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I am making my own arduino. I am in the process of hooking up power to the Atmega328.

In both these articles they use the L7805 voltage regulator with two 10uF capacitors.

https://www.arduino.cc/en/Main/Standalone

http://www.instructables.com/id/How-to-Build-an-Arduino-Uno-on-a-BreadBoard/?ALLSTEPS

I am looking at the datasheet for the regulator at http://pdf.datasheetcatalog.com/datasheet_pdf/sgs-thomson-microelectronics/L7805CD2T_to_L7885CV.pdf

The data sheet provides a number of figures for how to correctly hook up the L7805 in different situations (pages 4, 16-23). I think Figure 13 represents our situation (Fixed Output Regulator). In the figure they use 0.33uF and 0.1uF capacitors. Could someone explain why the examples use 10uF and the data sheet specifies 0.33uF and 0.1uF?

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    on a fixed voltage regulator, it's typically not critical. adjustable ones might want a certain rage to avoid oscillation, to speed feedback, or to allow faster output voltage adjustments on high-impedance circuits. if something uses a constant rate, it needs less output buffering. if input voltage is already smooth, it needs less input smoothing. fwiw, the 7805 usually seems ok w/ none. – dandavis Apr 14 '17 at 19:02
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The answers are in the notes:

  1. Although no output capacitor is need for stability, it does improve transient response.
  2. Required if regulator is locate an appreciable distance from power supply filter.

So the values aren't critical to the operation, but you should have them there. Bigger capacitors give more energy to the regulator and more energy to your circuit (input and output capacitors respectively) but at the cost of lower frequency response. The actual values you select depend on your circuit, not the regulator. 10µF is a good "ballpark" figure to use in most circumstances.

The input capacitor reduces the impedance of the power source by providing a local source of power. The output capacitor is like the "reservoir" capacitor you should have at the power entry to all boards anyway, and reduces the impedance to the rest of your circuit.

For the higher frequency responses you should have smaller value decoupling capacitors by all your active components anyway.

You can also add more smaller capacitors to the output of the regulator to improve high frequency responsiveness if needed - you're not just limited to the one capacitor.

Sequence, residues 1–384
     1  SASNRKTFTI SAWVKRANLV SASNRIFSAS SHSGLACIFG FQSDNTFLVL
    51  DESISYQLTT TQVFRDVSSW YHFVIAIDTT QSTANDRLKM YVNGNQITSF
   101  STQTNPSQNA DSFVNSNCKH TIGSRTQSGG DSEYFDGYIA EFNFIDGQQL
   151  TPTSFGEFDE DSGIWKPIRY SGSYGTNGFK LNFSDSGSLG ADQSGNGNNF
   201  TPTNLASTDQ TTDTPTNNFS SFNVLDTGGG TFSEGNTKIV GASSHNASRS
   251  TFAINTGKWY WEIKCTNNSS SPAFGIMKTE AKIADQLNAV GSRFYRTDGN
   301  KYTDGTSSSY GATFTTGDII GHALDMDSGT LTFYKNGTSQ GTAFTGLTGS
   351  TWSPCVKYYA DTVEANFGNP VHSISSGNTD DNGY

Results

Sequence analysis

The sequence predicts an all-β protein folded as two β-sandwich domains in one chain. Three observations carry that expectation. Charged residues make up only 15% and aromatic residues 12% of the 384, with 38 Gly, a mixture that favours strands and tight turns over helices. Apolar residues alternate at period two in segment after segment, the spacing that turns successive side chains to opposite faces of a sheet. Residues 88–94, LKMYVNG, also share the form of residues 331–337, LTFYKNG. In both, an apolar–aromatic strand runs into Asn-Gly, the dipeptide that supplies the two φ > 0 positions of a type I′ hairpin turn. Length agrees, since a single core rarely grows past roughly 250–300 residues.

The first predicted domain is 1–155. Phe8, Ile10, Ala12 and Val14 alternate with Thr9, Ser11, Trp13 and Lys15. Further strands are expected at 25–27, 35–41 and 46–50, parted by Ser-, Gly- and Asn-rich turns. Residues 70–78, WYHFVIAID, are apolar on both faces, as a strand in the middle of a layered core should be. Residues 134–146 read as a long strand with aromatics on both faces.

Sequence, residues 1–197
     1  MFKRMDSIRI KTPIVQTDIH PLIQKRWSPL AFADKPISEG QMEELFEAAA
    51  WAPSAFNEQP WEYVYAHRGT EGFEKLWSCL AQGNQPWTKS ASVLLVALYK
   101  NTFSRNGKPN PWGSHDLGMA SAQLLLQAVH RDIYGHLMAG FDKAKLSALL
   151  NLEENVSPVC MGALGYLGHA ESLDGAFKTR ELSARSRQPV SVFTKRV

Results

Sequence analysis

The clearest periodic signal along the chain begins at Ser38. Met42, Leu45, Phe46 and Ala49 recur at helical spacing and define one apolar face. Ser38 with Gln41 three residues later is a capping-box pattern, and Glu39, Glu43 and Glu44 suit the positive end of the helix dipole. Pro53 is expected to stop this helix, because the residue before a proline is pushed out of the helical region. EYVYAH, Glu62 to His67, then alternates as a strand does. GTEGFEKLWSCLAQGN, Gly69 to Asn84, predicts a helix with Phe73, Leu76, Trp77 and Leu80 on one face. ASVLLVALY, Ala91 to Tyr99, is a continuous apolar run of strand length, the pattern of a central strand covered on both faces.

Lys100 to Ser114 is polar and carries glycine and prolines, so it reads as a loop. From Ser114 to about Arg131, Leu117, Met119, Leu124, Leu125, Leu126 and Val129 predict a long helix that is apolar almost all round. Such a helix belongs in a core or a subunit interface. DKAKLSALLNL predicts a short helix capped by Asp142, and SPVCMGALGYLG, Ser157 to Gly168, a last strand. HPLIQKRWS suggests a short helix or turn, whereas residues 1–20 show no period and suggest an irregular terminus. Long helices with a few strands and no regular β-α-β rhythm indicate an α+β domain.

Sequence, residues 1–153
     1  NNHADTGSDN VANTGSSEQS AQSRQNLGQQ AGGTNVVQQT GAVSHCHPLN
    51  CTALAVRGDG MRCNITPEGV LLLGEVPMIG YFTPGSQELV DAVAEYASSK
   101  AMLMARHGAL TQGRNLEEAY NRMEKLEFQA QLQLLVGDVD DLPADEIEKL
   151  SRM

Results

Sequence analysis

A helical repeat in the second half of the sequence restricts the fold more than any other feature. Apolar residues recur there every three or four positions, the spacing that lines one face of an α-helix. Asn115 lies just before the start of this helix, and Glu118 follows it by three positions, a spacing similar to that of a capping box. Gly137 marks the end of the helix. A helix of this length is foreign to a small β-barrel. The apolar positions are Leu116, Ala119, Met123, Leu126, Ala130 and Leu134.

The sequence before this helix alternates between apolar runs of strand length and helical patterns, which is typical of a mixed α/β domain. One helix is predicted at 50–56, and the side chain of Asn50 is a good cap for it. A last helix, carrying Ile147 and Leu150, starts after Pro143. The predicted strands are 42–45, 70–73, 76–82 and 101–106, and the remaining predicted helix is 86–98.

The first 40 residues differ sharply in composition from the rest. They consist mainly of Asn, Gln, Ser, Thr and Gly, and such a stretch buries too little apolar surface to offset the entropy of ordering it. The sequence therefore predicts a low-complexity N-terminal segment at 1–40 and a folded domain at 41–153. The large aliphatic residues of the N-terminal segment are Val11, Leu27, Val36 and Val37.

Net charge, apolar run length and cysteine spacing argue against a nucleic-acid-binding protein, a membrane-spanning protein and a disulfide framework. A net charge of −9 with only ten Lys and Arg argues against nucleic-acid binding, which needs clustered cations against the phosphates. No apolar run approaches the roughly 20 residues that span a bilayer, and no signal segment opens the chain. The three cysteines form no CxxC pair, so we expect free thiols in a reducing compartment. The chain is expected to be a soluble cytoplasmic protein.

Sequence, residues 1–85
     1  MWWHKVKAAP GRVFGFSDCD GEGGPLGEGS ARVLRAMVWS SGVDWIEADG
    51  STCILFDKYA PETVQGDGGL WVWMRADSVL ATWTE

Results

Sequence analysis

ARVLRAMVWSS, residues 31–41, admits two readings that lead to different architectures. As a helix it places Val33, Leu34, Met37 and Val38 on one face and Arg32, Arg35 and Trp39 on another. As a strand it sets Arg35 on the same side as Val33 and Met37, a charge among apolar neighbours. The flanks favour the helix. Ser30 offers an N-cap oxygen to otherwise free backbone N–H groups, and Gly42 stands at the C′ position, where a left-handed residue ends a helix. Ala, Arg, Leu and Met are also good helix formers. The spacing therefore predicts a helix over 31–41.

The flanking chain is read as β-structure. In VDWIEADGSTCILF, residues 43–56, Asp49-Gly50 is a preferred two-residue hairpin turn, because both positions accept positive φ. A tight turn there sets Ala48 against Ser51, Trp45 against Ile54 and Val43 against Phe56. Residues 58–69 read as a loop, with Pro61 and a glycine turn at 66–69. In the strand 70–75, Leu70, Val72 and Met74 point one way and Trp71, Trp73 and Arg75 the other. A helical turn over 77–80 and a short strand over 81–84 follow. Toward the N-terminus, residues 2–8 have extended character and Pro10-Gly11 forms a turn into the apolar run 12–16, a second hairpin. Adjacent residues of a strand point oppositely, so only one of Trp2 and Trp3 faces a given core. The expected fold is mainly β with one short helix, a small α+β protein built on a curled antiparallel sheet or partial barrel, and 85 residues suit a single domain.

• Why are specific values specified in the data sheet if they are not dependent on the regulator? In general how\where would one go to learn about choosing an appropriate value for their circuit? – denver Apr 13 '17 at 18:04
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    I have no idea why they have specified values. Maybe they are the minimum to use if you do use them (which you should). Unless you have specific requirements 10µF is a good enough value. Maybe add a 100nF on the output as well. – Majenko Apr 13 '17 at 18:06
  • When you say maybe a 100nF on the output as well, are you saying put both capacitors between the Vout and ground? – denver Apr 13 '17 at 18:08
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    Yes, in parallel. – Majenko Apr 13 '17 at 18:08
  • Neat answer! I've had problems with an GSM transceiver, that only worked on "new" rechargable batteries. Near the end of the project, it wouldn't work anymore. It seemed that the internal impedance of the battery had risen and couldn't supply the sudden burst of power required. (The designer actually said: "well it did work and the battery can deliver 2A so it should be OK, you should check your code again"). Spend quite some time to figure this out as I was more into embedded software as in hardware. Moral of the story, better be safe than sorry ;D – Paul Apr 13 '17 at 19:05
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Could someone explain why the examples use 10uF and the data sheet specifies 0.33uF and 0.1uF?

One obvious reason is that those two examples are non compliant with the datasheet.

But generally speaking the ordinary 78xx regulators use emitter output and are quite tolerant to the output capacitance. 10if is not a bad number.

However, there are also variants of 78xxx that take their output from the collector. They are more sensitive to output capacitance, as most ldos are.

Generally it is a good idea to stay within the datasheet but that doesn't mean you shouldn't step out from time to time.

  • I wonder how such regulator would work well with a lot of distributed capacitance on a PCB - a TTL graveyard comes to mind (though probably less relevant these days). 100 nF are easily exceeded. – Ghanima Apr 13 '17 at 23:07

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